Whether an individual is interested in learning how to swim in a recreational setting or competing at an international level, Fleet Swim Club is dedicated to helping swimmers reach their goals.

“We try to have something for everyone, whether you are swimming to stay in shape, want to get certified by SwimAmerica or want to compete in the Olympics,” said General Manager Paula Mulvihill, who has been an employee at the club since 2008.

The club was originally formed in 1975 by a small group of parents of students at Cy-Fair ISD, Mulvihill said. A grassroots effort, members brought in coaches and used CFISD swimming pools to start their own league and build competitive teams.

Through fundraising efforts, the group was able to purchase property to develop its own facility on Spring Cypress Road. In 1999, Fleet Swim Club built a 50-meter by 25-meter outdoor pool. Over the next few years, the group expanded the facility to include offices, and the indoor pool was added in 2006, Mulvihill said.

The services offered by Fleet Swim Club are twofold: People of all ages can enroll in lessons to learn how to swim, and more competitive school-age swimmers can join racing teams and enroll in training sessions to improve their speed and technique.

Swim lessons are offered Monday through Saturday, and roughly 600 lessons are given each week, Mulvihill said.

Lesson packages can also be organized in groups of four ($17.50 each), groups of two ($24 each) or privately ($48) and can be set according to what works for each student’s schedule, Mulvihill said. Each new student takes a free trial class to evaluate skill level.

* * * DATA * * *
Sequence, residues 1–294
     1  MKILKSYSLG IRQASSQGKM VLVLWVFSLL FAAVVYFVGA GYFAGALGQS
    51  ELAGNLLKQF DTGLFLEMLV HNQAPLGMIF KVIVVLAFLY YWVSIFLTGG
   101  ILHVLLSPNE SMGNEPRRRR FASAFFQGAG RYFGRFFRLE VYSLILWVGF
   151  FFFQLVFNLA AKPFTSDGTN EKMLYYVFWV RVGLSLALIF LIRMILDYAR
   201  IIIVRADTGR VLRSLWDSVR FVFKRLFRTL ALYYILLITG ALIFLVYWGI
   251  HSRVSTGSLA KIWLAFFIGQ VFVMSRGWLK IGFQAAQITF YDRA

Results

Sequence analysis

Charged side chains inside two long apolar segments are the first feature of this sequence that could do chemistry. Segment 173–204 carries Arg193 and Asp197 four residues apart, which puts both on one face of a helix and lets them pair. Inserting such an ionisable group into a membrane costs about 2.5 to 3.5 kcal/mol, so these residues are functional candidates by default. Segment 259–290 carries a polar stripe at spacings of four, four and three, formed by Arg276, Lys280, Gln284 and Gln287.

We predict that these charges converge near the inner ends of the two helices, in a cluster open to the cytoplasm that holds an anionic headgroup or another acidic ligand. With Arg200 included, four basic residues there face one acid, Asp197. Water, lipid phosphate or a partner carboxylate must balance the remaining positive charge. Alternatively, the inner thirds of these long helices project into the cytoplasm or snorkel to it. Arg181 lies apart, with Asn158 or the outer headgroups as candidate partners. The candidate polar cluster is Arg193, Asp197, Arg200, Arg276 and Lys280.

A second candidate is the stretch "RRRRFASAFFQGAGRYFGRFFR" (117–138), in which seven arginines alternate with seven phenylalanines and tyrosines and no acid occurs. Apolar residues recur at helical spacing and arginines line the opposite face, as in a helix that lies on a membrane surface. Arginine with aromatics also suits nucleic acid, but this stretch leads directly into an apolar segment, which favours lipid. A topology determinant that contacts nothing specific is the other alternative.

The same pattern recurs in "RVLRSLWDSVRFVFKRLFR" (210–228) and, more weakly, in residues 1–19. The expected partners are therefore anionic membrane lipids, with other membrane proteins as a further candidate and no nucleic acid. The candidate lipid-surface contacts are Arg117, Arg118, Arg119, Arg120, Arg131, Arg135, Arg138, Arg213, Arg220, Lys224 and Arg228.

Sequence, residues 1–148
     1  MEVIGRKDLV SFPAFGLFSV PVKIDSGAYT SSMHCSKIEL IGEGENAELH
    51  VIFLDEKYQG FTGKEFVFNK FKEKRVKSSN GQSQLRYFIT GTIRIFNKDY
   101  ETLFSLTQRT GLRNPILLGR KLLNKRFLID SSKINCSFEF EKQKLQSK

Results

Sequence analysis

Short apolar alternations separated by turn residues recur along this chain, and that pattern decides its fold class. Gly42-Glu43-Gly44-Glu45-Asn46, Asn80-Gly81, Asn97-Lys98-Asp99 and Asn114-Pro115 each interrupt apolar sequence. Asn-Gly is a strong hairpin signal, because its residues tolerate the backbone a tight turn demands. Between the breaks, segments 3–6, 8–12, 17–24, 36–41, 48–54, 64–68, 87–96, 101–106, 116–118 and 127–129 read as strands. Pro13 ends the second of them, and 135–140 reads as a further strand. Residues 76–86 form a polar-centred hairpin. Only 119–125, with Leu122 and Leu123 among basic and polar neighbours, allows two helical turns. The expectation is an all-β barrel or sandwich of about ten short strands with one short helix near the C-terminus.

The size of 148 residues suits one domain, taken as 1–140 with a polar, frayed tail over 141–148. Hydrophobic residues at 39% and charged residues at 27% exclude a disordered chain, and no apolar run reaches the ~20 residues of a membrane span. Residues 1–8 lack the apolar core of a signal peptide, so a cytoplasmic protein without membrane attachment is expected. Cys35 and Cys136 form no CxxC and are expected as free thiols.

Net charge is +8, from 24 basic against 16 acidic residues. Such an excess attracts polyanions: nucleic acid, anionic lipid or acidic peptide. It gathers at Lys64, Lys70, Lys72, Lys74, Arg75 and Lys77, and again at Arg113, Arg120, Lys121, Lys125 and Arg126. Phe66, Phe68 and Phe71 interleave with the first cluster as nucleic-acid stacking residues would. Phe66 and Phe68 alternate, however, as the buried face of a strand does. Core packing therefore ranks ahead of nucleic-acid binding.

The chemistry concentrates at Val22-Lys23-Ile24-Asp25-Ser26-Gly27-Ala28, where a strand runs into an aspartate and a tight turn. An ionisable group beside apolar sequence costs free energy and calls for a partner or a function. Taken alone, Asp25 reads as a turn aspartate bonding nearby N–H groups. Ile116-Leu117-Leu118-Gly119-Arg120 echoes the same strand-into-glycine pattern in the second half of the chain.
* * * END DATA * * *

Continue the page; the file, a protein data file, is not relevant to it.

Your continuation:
Safety is stressed as a top priority during swimming lessons. Coaches have access to eight different swimming stations with different sets of steps for children to use to enter the pool.

“We teach younger children how to position themselves on their back and kick to the side of the pool so they know how to get to safety if they are in trouble,” she said. “The main thing is helping them get over the fear of water.”

The club advertises to bring in coaches from all over the U.S. for its competitive programs, Mulvihill said.

“We want our coaches to be the best, the most talented and the most motivational,” she said. “Being a coach is not something you do for the money. You do it for the love.”

Fleet owns property adjacent to its existing facility, and the management team is evaluating future expansion opportunities. A second indoor pool is being considered, Mulvihill said.

“We have room to put in another 25-yard pool either in the back or the front of our facility,” she said. “It would cost more to put it in the front because in that case, we’d also be looking to put in a storefront.”

In the meantime, Fleet will continue to teach novice students how to swim and train competitive swimmers how to get better, Mulvihill said.

“We think it’s so important for every child to learn to swim,” she said. “It you want to keep swimming at any level, we have a group for you.”